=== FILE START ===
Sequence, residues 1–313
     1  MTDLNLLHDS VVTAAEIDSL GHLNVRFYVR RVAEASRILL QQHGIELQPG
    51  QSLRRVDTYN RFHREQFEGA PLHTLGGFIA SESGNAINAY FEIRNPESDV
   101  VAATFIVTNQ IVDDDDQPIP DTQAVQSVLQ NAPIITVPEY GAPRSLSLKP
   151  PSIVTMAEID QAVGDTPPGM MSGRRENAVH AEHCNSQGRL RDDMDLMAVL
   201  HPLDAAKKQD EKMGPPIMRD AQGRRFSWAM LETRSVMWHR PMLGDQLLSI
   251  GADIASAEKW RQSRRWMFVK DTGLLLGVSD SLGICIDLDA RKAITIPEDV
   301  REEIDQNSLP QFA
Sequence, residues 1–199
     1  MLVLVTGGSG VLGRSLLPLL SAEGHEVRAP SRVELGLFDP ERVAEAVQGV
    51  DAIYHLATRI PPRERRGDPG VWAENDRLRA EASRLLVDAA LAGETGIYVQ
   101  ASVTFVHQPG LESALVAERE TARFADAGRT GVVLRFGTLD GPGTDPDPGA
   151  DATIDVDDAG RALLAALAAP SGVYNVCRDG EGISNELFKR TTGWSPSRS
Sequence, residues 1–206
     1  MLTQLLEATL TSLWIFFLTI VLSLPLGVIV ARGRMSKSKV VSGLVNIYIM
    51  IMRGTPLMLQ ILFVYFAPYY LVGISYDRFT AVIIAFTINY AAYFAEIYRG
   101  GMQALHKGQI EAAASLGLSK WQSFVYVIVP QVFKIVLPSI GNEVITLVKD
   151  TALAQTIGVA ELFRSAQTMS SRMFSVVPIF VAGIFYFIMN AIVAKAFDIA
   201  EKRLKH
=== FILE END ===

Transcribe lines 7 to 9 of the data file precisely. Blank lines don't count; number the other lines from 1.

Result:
   251  GADIASAEKW RQSRRWMFVK DTGLLLGVSD SLGICIDLDA RKAITIPEDV
   301  REEIDQNSLP QFA
Sequence, residues 1–199